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Updated: Aug 15, 2023

By Richard M. Davis, MTS

Texas Bible College Program Chair for Theology and Class of 1976

The Epistle to the Hebrews is a work written to encourage downtrodden believers who were suffering from great persecution. Its writings provide stark warnings to those who fail to hold to the truth and who forsake biblical principles, but it also offers amazing promises and hope for those who remain steadfast in the midst of earthly trials and temptations.

In chapter 12 the author of Hebrews drew out a concept from the book of Proverbs concerning fathers, sons, and chastisement, which became the focus of much discussion. This interesting conversation involved the issue of paideia (chastisement) Heb 12:5-11. The writer began these verses with a mild rebuke, or at the least a reminder:

“5 And you have forgotten the exhortation which speaks to you as to sons:

“My son, do not despise the chastening of the Lord,

Nor be discouraged when you are rebuked by Him;

6 For whom the Lord loves He chastens, And scourges every son whom He receives” (Hebrews 12:5-6 New King James Version).

Verses 5-6 are a quotation from Proverbs 3:11-12. It raises the issue of the Lord chastising or punishing those whom He loves. When considering the context of Hebrews 12, however, and the author’s use of this quotation within the pericope, a legitimate conversation arises over why he used these verses and what he means by their use. As noted by Ched Spellman, whenever we consider discipline (paideia) in Scripture we have to determine whether the context indicates a “punitive or educative sense of the term.”[1] Spellman asks, “Does it mean correction for disobedience or does it mean the process of education or training for a task?”[2] Whereas the NKJV translators chose to use “chastening,” the translators of the NRSV chose “punishment.” While the clear meaning of the quoted portion from Proverbs refers to punishment, can we so quickly conclude the Hebrews author was also transferring the sense of punishment to the context of chapter 12? Perhaps further investigation would be in order before reaching a hasty conclusion.

Typically, the North American mindset views chastisement primarily as punitive or punishment. For example, many theologians have traditionally viewed the pericope of Hebrews 12:1-13 as speaking of chastisement in the negative sense. Michael Jones indicates that παιδεία (paideia) is instruction or discipline, “often by corrective discipline. . . . which refer to instruction that results from chastening”[3] thus making it appear that his conclusion is that of punishment. However, is it possible the modern reader of Scripture is reading meaning into the text not intended by its author? For example, author Andy Naselli observes that parental views regarding the discipline of children often are rooted in their own personal experiences.[4] A wide array of personal experiences concerning discipline in America ranges from outright abuse to a complete absence of correction or at least the absence of corporal punishment. Consequently, there are many views and ideologies about discipline, but most all of them view discipline in the negative perspective of punishment. Although Naselli lands upon a common interpretation of discipline (chastisement, KJV) as involving an application of punishment, he correctly defines the word: “‘discipline’ (παιδεία, paideia: w . 5, 7, 8, 11) means ‘the act of providing guidance for responsible living, upbringing, training, instruction . . . chiefly as it is attained by discipline, correction.’”[5] It is the opinion of this writer, however, that those who view paideia as correction or guidance by punishment are possibly missing the primary point intended by the author of Hebrews.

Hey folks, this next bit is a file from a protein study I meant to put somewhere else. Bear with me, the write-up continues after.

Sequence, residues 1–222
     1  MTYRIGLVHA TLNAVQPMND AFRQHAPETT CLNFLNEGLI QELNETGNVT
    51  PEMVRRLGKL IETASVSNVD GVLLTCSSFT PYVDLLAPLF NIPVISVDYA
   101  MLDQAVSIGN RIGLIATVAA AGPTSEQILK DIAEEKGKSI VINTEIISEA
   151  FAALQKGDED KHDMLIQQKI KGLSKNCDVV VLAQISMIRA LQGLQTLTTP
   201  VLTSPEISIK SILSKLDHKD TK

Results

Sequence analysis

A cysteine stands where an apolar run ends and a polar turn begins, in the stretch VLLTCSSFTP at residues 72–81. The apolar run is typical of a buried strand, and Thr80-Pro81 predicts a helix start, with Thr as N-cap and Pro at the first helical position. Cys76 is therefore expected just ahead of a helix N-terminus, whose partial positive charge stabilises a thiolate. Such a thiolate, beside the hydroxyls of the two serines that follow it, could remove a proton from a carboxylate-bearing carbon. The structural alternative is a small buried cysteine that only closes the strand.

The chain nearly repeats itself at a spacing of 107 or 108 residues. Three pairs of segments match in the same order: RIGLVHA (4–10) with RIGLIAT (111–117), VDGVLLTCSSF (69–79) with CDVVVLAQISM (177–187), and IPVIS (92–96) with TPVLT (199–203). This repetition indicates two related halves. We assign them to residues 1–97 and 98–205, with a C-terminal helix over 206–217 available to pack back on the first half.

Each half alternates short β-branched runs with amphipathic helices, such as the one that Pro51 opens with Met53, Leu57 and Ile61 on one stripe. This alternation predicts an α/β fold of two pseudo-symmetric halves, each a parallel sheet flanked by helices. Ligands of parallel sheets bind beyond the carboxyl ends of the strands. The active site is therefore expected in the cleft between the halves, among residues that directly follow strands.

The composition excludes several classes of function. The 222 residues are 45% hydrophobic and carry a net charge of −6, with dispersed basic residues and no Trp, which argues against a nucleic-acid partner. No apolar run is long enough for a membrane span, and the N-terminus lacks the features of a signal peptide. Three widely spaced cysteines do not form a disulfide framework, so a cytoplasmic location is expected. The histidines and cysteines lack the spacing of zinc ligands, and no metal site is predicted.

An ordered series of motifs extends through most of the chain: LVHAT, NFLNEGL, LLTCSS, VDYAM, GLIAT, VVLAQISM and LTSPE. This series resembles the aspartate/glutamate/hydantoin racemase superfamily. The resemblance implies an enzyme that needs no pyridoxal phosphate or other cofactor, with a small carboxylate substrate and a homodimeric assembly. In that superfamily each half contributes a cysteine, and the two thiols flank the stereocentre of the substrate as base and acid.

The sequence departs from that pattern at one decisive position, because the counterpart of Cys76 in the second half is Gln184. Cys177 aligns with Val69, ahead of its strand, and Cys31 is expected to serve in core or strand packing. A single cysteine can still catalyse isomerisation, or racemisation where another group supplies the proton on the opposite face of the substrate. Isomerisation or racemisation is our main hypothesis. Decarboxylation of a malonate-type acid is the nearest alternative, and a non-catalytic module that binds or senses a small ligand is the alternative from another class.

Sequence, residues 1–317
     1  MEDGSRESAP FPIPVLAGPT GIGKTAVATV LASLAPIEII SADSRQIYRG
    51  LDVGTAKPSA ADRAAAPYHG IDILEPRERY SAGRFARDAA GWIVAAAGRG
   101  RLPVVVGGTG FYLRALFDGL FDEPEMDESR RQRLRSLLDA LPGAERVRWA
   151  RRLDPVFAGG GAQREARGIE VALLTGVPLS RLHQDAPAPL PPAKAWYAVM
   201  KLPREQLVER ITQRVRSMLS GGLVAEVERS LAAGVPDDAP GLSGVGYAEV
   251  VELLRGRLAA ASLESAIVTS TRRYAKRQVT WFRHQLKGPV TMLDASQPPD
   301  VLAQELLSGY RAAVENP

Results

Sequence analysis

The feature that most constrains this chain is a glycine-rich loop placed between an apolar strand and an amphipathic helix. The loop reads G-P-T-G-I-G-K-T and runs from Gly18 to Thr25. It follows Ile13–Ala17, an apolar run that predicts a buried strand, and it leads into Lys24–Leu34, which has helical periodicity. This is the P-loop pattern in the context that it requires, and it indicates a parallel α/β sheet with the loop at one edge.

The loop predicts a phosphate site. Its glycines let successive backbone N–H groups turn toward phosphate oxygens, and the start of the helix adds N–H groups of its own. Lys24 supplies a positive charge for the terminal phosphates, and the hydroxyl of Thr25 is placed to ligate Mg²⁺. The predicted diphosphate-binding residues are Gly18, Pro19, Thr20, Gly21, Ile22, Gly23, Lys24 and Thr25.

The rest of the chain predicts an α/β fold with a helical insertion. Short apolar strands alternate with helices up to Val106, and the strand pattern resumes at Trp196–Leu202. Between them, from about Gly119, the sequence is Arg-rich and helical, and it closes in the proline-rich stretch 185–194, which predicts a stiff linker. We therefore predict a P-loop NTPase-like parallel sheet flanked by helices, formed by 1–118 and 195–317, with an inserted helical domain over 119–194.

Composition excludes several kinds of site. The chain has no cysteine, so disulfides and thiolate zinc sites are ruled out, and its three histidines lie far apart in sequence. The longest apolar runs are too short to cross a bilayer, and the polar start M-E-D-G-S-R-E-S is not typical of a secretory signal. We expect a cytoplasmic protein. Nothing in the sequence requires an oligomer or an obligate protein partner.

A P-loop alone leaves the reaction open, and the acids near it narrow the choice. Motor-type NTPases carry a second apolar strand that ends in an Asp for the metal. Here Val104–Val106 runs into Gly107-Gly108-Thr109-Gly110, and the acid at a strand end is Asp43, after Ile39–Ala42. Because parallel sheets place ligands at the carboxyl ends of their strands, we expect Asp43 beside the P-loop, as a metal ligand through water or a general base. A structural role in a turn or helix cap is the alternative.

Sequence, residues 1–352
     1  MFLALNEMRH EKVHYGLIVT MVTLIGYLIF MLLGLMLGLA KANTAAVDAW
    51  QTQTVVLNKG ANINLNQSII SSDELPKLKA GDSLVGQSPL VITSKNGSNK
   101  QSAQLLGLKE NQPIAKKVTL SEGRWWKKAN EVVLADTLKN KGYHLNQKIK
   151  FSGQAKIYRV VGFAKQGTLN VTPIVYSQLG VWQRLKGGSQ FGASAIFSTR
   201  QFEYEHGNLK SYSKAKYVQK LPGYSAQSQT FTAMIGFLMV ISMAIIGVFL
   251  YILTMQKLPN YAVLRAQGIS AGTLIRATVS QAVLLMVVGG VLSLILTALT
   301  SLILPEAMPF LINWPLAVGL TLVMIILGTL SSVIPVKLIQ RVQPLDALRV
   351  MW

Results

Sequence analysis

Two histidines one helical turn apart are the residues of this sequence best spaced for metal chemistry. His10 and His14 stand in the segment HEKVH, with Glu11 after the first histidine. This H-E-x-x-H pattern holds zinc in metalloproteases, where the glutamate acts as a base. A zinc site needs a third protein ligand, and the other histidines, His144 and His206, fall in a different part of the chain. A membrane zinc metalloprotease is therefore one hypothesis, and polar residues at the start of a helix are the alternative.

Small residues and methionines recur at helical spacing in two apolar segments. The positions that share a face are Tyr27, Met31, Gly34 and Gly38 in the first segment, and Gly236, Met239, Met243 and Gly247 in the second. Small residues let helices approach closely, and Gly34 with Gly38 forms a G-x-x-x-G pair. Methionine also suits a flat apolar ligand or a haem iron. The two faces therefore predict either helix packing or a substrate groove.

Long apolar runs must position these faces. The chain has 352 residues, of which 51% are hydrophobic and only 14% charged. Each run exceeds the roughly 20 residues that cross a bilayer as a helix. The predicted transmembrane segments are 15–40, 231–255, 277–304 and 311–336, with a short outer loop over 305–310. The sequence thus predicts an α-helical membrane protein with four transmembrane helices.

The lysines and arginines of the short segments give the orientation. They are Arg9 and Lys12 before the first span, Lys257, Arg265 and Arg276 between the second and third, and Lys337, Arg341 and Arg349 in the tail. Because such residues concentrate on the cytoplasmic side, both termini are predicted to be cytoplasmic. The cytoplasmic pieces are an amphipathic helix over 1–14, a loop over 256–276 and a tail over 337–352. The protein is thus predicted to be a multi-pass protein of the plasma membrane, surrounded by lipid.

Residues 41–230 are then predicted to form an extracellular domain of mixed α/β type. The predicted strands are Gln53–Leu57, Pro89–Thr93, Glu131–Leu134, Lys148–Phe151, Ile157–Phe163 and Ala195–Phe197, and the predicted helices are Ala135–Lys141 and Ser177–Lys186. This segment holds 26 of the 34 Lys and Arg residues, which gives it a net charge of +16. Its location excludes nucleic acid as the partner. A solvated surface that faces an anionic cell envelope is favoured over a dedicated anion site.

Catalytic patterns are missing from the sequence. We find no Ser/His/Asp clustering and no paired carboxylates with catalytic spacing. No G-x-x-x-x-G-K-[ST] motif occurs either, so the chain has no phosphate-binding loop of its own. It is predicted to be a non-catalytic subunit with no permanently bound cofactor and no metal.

While scholars recognize the connection between this pericope and Proverbs 3:11-12, the Lord correcting His children as a father corrects his son, they might be reading unintended meaning into the author’s use of these verses. Clayton Croy believes that the athletic imagery of the text “favors a non-punitive understanding of παιδεία. Sinners face punishments; athletes face struggles and challenges.”[6] DeSilva also recognizes the more positive application of paideia as appropriate to athletic training: “Not all discipline, moreover, was punitive (i.e., punishment for doing something wrong). Educative discipline